The most recent was a 30-pound beast caught this week on live bait. Right now striped bass, bass and perch are all mixed together, and they are highly scattered. They are related to bait, but rarely are the fish grouped up in huge schools. A few are five or six feet off the bottom (none are flat to the bottom) in deep water, but most of the fish are about 25-30 feet down in 40 or so feet of water. Recently the action has been off-and-on all day, and sometimes birds are around the fish and sometimes they are not.
Lake Russell is not a lake for huge numbers of striped bass, and on his last trip out Jerry’s boat caught four striper (the 30, plus three 10-12 pounds), eighteen bass, three or four white perch and one giant yellow perch.
Crappie don’t seem to be mixed in with the other species right now.
Jerry is sticking to cleaner water on the main, lower lake right now.
Lake Russell water levels are down to 474.35 (full pool is 475.00) and parts of the lake are still muddy. Morning surface water temperatures are still around 54 degrees.
At this time of year Guide Wendell Wilson (706-283-3336) often prefers to fish spots up the lake, but the mouths of some bigger creeks like Coldwater and Allen Creek are muddy and so they have moved down. Near the dam the water is basically clear (although below the Russell Dam in the main channel it’s also pretty clear.)
The bass seem to have broken off from the large, deep bait schools and headed shallower, and Wendell is now finding them mostly in the 20-foot range. In contrast the biggest schools of bait and in turn striped bass, white perch and yellow perch are more likely to be in the 50-70 foot range. Sometimes there are a ton of gulls around them and sometimes just a few.
Yesterday they started the day off with a 20-pound striper caught high in the water column on an Alabama rig, then for numbers of big perch they fished a spot that has been good in 68 feet and then another in 52 feet on the bottom. Overall there are more fish deep right now, which is unsurprising because the bait is still there.
Crappie are generally in deep water, too, but they are mostly suspended 12-16 feet down over tree tops.
Lake Russell water levels are hovering around full at 474.98 (full pool is 475.00) and almost the whole lake is muddy. Morning surface water temperatures are now around 54 degrees.
The only sections of Lake Russell which aren’t muddy are right around the dam and some sections of the Rocky River, and combined with rising water temperatures Guide Jerry Kotal (706-988-0860) reports that means the fish are scattered and suspended. In some ways that makes for a tough bite, and numbers are down from when fish were grouped up tighter on the bottom.
But in other ways it’s an outstanding bite, and they are catching some really nice striped bass with a 6-15 pound average. They are also catching some monster fish in the 25-30 pound range. Some bass are also mixed in with the striper.
Fish are generally over deep water in 50-60 feet, and they have mostly been 20-25 feet down. They are catching some on bait and some casting Alabama rigs. At times they are under diving birds, and at times they are just marking schools.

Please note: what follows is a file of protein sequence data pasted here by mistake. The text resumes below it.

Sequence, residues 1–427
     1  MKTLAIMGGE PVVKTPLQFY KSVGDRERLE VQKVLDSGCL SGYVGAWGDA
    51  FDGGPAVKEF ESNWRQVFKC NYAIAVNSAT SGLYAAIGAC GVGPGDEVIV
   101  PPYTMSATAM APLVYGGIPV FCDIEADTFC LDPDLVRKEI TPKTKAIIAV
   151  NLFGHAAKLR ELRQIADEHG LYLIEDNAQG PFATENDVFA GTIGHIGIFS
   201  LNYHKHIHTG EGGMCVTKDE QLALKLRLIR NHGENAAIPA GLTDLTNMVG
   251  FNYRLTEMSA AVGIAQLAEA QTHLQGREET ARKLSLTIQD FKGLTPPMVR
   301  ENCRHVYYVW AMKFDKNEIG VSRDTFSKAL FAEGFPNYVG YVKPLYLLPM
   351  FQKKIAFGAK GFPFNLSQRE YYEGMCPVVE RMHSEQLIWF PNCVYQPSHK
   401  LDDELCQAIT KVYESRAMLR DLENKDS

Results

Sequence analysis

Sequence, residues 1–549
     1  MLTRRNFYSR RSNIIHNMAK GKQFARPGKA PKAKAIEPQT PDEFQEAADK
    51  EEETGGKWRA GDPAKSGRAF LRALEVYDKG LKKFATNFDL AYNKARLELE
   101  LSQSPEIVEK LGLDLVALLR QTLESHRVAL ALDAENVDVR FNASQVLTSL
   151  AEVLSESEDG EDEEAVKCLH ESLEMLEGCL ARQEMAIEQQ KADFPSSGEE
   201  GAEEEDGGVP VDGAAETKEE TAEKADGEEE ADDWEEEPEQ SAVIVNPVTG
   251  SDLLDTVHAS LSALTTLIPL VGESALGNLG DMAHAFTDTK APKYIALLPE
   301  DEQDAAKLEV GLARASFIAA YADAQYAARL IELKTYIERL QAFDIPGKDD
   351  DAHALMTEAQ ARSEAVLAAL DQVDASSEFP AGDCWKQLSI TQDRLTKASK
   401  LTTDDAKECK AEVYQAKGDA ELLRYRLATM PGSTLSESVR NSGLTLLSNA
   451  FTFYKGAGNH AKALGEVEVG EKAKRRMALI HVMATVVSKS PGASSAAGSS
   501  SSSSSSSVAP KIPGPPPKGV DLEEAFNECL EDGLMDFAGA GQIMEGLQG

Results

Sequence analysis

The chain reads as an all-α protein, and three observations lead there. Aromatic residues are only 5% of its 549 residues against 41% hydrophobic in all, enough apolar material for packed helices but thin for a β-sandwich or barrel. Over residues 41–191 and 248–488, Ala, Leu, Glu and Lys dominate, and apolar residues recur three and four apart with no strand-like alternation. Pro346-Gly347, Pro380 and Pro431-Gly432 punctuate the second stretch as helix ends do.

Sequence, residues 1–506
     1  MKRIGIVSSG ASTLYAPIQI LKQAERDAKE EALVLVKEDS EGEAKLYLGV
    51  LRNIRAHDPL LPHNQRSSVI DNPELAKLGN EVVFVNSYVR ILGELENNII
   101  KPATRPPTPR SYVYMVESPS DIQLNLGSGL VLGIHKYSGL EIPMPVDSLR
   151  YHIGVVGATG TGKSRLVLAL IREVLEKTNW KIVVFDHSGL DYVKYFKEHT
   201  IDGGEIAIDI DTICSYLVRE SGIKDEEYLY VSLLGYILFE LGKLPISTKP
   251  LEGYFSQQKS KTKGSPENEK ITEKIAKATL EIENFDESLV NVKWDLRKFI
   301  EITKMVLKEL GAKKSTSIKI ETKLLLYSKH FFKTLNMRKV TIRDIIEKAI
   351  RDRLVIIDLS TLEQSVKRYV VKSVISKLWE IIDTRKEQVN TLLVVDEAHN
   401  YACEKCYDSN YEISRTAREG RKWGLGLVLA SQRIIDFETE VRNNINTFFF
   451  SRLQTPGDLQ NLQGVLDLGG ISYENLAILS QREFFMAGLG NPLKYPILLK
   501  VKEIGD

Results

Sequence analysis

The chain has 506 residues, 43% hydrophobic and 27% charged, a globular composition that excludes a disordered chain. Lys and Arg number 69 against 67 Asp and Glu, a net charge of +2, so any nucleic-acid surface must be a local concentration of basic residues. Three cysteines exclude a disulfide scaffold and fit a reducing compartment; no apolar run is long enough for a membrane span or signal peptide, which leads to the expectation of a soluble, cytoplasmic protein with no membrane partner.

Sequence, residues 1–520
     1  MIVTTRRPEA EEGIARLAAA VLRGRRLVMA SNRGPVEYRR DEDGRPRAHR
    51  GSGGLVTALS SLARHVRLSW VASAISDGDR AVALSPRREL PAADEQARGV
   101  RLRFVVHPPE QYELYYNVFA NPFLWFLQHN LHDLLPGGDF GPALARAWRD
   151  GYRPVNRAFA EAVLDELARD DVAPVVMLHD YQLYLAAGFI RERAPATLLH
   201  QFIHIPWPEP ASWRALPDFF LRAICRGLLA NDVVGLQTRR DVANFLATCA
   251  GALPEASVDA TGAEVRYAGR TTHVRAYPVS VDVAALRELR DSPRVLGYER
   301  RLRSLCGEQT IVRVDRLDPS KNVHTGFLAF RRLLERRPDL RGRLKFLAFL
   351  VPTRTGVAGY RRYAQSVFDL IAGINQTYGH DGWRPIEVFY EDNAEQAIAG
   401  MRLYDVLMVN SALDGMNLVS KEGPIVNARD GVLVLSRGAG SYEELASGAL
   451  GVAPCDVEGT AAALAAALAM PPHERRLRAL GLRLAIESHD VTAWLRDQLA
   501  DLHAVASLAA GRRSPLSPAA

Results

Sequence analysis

The best action has been in the cleaner water down the lake.
It’s a similar tale on the boat with Guide Wendell Wilson (706-283-3336), who reports that they are still finding the very occasional fish on the bottom but more of them suspended. They are having the best success in about 48 feet of water, where they are catching a mixed bag of bass, perch, and catfish. Crappie have been absent.
When conditions normalize the fish should group up better and get on the bottom again, but for now you have to do a lot of hunting to find a few fish.
Lake Russell water levels are way above full at 476.60 (full pool is 475.00) and the water has been clear but is getting muddy. Morning surface water temperatures are now around 51 degrees.
There have been some crazy fishing conditions on Lake Russell recently, and Guide Jerry Kotal (706-988-0860) reports that in the immediate aftermath of the very cold weather around Christmas the fishing was really good even as water temperatures dropped into the mid-40s. Bass, striped bass, perch and more were tight to the bottom in the wake of 18-degree nights, but they were feeding extremely well on jigging spoons and live bait. Striper (and bass) were taking Alabama rigs as well.
However, the warming trend changed the bite, and instead of finding fish tight to the bottom in 35-40 feet they became much more suspended.
But that didn’t mean they stopped biting as Jerry continued to find a few hungry fish on the bottom as well as numbers suspended, and Guide Wendell Wilson (706-283-3336) actually had a couple of his best days earlier this week. Monday they briefly struggled to locate the fish but then found them feeding under gulls on the main lake in about 56 feet of water. It was a mixed bag of bass, white and yellow perch, and crappie, and they caught 83 fish. Then Tuesday they returned to the same area once they could get through the fog and caught a pile more fish in the same area as well as striped bass. They wanted an Alabama rig about 15 feet down.
But then came the rain. Yesterday between three and five inches of rain fell depending on where on the lake you were monitoring it, and quickly the whole lake started to get very muddy. The water also shot up, almost a foot and a half in 24 hours. We will have to see what effect this has on the patterns, but they expect fish to get more scattered and suspend more. Continue to look for the birds to locate fish.